On Friday morning, Norm Yoast addressed his eighth-grade science class by asking students to don safety goggles.
Yoast stood at the head of the class. Directly in front of him lay a pumpkin on a pedestal.
“There are two types of energy — kinetic energy and potential energy,” Yoast said. “Kinetic energy is anything moving.
“We’re going to create some of that today.”
Yoast then asked a student to kill the lights.
In sudden darkness, Yoast stepped toward the pedestal, flicked a butane lighter and blew up the pumpkin.
For five years, Yoast, an eighth-grade science teacher at Craig Middle School, has been blowing up pumpkins to celebrate Halloween. An additional benefit to the unorthodox experiment is that it teaches principles of science.
Yoast ignited three pumpkins Friday.
He said the purpose of the experiment is to get students excited about chemistry.
“Chemistry is our biggest hands-on (unit),” he said. “We have about a 12-week chemistry unit where they’ll have at least one lab per week.”
The materials used in the teacher’s lesson are a pumpkin, carving knife, water, some calcium carbide and a lighter.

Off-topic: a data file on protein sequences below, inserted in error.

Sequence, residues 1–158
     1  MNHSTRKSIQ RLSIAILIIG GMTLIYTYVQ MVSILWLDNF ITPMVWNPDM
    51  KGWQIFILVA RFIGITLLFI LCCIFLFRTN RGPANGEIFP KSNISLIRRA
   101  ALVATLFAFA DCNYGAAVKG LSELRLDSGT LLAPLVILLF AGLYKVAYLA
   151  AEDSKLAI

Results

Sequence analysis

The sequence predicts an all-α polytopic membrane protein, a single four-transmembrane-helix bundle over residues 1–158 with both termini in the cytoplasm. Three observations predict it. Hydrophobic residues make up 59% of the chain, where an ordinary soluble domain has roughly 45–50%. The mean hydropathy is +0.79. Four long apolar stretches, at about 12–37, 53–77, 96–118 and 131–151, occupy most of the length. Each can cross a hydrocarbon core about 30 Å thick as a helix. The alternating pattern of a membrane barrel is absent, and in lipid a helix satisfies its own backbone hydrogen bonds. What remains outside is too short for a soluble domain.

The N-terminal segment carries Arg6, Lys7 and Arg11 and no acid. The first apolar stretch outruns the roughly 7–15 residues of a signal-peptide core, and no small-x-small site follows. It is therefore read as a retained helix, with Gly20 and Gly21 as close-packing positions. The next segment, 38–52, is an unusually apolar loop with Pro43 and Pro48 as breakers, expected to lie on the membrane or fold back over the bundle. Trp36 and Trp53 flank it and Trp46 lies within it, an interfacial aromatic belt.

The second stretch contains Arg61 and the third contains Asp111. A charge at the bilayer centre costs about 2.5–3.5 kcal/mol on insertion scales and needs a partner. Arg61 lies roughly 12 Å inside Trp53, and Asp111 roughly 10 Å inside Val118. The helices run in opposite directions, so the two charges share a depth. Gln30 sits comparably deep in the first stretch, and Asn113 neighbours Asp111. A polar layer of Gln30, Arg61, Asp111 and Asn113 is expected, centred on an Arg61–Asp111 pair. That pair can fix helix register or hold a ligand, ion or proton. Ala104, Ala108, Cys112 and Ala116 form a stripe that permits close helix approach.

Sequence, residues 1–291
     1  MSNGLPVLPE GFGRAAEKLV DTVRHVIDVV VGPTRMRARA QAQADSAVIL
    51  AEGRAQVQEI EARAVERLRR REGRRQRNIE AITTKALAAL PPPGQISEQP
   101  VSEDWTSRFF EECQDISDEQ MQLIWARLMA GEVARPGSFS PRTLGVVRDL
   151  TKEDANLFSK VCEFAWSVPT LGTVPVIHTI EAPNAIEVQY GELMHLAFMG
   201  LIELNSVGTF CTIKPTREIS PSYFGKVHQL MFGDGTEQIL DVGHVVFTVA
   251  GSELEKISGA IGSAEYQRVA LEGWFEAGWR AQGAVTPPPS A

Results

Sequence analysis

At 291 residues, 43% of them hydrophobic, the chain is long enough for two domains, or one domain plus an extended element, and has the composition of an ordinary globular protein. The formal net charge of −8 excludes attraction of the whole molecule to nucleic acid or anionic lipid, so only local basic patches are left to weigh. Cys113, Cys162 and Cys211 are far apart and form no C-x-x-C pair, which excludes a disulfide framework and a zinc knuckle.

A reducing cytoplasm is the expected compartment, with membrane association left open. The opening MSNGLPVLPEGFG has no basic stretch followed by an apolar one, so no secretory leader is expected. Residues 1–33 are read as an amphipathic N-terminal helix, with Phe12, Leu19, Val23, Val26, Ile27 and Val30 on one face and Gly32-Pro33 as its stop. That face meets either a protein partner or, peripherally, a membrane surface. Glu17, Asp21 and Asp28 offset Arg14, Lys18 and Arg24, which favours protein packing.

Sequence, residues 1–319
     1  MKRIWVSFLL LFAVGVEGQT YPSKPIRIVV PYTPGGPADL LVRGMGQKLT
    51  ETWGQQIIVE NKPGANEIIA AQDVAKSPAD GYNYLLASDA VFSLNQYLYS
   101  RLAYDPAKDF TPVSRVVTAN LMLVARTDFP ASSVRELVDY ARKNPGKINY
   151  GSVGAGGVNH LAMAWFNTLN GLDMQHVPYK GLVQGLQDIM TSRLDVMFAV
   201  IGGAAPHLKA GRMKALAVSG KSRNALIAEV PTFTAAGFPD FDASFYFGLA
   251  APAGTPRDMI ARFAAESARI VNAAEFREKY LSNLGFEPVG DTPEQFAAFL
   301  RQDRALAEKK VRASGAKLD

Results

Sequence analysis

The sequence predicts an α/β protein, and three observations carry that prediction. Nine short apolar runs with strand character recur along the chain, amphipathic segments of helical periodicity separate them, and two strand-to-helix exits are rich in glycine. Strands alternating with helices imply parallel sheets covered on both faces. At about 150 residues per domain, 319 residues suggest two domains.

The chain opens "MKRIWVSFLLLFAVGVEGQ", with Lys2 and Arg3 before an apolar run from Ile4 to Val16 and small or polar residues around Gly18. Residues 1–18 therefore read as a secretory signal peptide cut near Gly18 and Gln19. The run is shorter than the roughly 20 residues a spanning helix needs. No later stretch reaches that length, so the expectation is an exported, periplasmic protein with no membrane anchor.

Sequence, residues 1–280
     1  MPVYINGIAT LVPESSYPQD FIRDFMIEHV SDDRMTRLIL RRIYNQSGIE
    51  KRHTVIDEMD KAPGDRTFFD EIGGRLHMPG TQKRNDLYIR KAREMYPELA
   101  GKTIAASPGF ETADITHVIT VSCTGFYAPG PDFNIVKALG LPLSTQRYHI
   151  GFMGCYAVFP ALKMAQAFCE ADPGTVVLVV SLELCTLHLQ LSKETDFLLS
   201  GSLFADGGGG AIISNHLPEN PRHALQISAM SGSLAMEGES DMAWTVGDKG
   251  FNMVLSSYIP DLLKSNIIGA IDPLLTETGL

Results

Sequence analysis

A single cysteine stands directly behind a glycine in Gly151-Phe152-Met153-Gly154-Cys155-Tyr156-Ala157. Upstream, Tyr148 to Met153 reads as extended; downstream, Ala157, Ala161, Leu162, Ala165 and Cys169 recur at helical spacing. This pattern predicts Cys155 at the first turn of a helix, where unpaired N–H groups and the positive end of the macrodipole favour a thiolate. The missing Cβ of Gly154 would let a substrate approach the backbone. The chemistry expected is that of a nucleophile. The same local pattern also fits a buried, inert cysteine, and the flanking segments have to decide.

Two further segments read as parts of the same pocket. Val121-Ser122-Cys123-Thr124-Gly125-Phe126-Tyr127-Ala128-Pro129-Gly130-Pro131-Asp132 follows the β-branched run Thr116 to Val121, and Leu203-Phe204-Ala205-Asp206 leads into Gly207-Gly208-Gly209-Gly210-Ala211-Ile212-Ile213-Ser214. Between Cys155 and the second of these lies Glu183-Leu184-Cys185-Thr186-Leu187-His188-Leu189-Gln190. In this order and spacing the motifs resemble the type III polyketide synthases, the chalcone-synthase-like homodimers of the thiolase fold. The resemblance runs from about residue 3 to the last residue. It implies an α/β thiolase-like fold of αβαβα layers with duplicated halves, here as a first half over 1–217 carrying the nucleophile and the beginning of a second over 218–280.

Yoast said that after he hollows out a pumpkin, he scores a Jack ‘O’ Lantern pattern on the pumpkin’s skin.
“We score the front of the pumpkin to make sure it blows out that way and not back at me,” he said. “If it blows at me, that’s bad.” Yoast also cuts a small hole in the back of the pumpkin, just large enough to accommodate a lighter.
Next, Yoast said he pours water and calcium carbide into the hollow pumpkin.
“This is a chemical called calcium carbide,” Yoast said to his class. “Calcium carbide is calcium carbon. It’s pretty plain looking. It’s just this grayish black rock. There’s nothing to it. But, when I mix it with (water), I’m going to get a reaction that creates a gas. And the gas is a flammable gas.”
The gas is acetylene, he said.
Yoast said he then puts the lid back on the pumpkin, sticks the lighter through the hole in the back and — boom — the Jack ‘O’ Lantern’s eyes, nose and mouth are blasted out of the gourd on bright yellow flames.
“This is a lot of fun,” Yoast said of his annual experiments.
Eighth-grader Aubrey Campbell said the explosions were “scary,” but she preferred the hands-on experiment to textbook lessons.
Eighth-grader Trey Norton lauded his teacher.
“I like Mr. Yoast,” Norton said. “We always learn a lot in his class.”
Yoast said the discussion on energy that preceded the explosions was a way to weave Colorado Student Assessment Program subjects into the classroom.
“When you guys take CSAP in late March, early April, energy is one of the biggest topics,” Yoast said to the class.